Malcolm Turnbull is deciding whether to dump his company tax cut plan as pressure mounts from worried Liberals to axe the controversial policy.
Labor’s victories in two marginal by-elections on the weekend has concerned coalition MPs, with one calling for the government to drop the tax plan.
“I don’t know why we would take it to the next election, quite frankly, if we can’t get it through the Senate now,” Liberal MP Luke Howarth told Sky News.
“They need to sort this out fairly quickly. If it’s not going to be passed it’s not going to be passed, the government should drop it and move on.”
Mr Howarth is among Queensland MPs concerned about the damage the policy is doing to the government’s vote in the state where Labor comfortably won the seat of Longman on Saturday, .
Labor leader Bill Shorten, pumped up after the by-election success, said Mr Turnbull should drop the tax cuts on the way out of office.
“He needs to drop them and then he needs to leave the keys to The Lodge and then he needs to go,” Mr Shorten told the Nine Network on Monday.
Tasmanian Liberals believe Labor’s message that corporate tax cuts would take money from schools and hospitals hurt the government in the closely-run Braddon by-election.
It’s understood there is widespread support within the coalition party room for the tax cuts to go to the senate and then dropped if they fail to go through.
Mr Turnbull is still committed to the tax cut plan, but he has stopped short of recommitting to take the policy to the next election.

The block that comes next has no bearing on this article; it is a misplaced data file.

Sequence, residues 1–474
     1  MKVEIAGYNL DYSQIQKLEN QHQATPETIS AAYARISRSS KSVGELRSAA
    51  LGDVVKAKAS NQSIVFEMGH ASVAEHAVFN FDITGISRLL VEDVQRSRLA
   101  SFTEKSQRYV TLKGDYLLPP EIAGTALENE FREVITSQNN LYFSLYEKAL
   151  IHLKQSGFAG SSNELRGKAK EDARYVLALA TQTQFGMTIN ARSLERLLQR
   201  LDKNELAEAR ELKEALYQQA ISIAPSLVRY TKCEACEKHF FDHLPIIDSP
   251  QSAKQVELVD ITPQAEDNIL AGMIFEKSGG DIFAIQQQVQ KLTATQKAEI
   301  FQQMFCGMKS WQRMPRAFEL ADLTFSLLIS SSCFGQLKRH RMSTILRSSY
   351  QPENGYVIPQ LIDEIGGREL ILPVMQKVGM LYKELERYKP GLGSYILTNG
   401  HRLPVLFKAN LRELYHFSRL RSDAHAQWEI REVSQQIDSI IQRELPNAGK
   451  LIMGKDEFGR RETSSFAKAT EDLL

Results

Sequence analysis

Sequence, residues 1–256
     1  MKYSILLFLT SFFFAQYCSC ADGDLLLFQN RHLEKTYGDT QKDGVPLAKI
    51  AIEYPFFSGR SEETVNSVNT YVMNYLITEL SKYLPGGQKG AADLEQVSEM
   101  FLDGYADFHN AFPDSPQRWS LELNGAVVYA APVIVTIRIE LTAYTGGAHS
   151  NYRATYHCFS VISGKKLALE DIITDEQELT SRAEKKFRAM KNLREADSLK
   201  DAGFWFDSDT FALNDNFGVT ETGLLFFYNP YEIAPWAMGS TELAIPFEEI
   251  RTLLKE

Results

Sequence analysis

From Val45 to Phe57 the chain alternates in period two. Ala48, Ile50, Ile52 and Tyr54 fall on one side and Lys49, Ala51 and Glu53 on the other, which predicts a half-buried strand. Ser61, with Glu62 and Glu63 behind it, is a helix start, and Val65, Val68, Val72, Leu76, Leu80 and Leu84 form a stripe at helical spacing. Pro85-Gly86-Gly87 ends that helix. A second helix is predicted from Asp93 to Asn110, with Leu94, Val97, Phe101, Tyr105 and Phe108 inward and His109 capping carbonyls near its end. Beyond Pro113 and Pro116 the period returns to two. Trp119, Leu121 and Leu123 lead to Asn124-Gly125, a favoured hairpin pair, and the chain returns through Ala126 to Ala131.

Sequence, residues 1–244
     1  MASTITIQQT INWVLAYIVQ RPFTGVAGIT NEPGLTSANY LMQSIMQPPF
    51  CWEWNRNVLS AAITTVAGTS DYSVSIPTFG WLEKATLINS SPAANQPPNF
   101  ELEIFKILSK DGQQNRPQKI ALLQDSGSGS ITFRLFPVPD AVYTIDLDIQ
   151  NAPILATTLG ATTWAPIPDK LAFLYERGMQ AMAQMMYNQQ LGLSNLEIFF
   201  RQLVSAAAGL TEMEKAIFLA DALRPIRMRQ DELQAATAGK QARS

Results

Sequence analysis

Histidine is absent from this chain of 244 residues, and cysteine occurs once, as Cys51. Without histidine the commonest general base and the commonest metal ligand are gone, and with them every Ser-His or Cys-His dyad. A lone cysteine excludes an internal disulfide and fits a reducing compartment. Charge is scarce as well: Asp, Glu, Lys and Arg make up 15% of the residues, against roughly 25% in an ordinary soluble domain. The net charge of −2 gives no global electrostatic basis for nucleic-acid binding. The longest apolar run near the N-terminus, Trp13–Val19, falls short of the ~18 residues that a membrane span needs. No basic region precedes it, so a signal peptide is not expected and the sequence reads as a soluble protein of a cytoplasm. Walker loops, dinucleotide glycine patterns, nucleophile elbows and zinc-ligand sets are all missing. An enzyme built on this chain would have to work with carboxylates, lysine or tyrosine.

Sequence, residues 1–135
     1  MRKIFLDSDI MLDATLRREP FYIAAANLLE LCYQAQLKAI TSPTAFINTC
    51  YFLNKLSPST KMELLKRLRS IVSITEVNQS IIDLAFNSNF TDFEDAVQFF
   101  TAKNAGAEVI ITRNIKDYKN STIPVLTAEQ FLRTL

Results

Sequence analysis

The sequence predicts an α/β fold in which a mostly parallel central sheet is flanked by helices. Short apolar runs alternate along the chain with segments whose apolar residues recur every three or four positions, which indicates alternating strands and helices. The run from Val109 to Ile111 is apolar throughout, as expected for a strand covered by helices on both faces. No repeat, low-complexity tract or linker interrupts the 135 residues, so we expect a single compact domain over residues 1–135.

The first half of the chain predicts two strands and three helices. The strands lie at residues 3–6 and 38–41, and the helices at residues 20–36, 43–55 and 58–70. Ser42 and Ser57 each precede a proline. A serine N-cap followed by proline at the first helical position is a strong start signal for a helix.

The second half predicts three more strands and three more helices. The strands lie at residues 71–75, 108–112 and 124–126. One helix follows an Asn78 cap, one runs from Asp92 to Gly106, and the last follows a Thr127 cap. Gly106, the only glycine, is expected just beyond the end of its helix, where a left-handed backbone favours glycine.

The prime minister said the government would look “very seriously and thoughtfully and humbly” at the response from voters in Saturday’s by-elections.
Susan Lamb’s Longman win, with an expected 54 per cent of the two-party preferred vote, came on the back of a One Nation drain of LNP votes.
A similar swing at a general election could threaten senior government figures, including Home Affairs Minister Peter Dutton.
Finance Minister Mathias Cormann will bring the tax legislation to a vote in the Senate in the next sitting fortnight.
When asked if the government would take the tax cuts to the next election if the bill is defeated, he replied: “that is our position”.
Liberal backbencher Julian Leeser told AAP the coalition should stick with the tax cuts as they are part of the government’s plan to grow the economy.
Former prime minister Tony Abbott said while he accepted the case for company tax cuts, they were not a vote winner and there was no point in putting them off.
Labor retained the marginal federal seats of Longman and Braddon in Tasmania, despite months of hard campaigning by the Liberals, who also failed in Mayo.